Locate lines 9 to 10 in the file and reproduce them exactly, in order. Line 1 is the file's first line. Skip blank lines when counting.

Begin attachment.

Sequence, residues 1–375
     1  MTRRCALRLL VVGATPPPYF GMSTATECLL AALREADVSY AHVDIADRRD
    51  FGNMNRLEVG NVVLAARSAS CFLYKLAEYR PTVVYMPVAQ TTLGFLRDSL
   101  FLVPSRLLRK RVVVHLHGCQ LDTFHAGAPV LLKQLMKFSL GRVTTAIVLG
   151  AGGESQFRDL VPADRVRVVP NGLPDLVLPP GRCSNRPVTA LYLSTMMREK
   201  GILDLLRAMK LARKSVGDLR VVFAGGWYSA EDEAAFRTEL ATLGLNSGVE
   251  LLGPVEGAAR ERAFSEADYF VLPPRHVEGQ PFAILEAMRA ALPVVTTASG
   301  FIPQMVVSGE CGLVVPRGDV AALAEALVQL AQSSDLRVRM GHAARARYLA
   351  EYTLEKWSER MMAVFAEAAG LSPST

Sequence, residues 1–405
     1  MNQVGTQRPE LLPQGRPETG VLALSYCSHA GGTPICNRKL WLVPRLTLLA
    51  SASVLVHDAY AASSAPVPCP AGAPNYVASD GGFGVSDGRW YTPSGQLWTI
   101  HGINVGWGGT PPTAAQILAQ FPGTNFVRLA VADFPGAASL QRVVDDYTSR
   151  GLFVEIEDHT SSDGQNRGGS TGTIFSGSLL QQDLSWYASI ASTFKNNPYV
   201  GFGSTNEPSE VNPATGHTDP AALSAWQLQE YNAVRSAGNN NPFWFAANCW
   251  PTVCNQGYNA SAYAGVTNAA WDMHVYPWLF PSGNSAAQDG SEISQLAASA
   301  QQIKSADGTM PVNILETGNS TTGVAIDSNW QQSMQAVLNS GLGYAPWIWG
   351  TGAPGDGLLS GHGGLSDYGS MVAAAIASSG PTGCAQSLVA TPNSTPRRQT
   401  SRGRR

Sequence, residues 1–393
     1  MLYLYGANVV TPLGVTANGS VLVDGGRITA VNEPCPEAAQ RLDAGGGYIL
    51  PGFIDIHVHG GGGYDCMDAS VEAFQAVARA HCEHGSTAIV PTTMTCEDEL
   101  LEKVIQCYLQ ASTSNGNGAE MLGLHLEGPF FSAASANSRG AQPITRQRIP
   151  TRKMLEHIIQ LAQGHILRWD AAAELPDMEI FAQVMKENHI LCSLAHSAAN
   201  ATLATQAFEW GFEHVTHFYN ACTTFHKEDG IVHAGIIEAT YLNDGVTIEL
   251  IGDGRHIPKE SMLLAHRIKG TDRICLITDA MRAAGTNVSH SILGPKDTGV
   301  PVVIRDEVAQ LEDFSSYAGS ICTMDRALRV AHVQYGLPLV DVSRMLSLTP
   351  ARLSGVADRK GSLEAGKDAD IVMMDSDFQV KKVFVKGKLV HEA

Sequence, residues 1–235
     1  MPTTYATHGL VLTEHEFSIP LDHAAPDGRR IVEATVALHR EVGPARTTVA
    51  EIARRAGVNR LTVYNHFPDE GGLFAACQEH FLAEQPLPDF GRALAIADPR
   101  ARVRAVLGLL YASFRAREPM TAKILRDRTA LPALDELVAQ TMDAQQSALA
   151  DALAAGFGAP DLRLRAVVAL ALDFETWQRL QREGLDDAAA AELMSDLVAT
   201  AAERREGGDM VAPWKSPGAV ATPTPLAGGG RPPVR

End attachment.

   351  EYTLEKWSER MMAVFAEAAG LSPST

Sequence, residues 1–405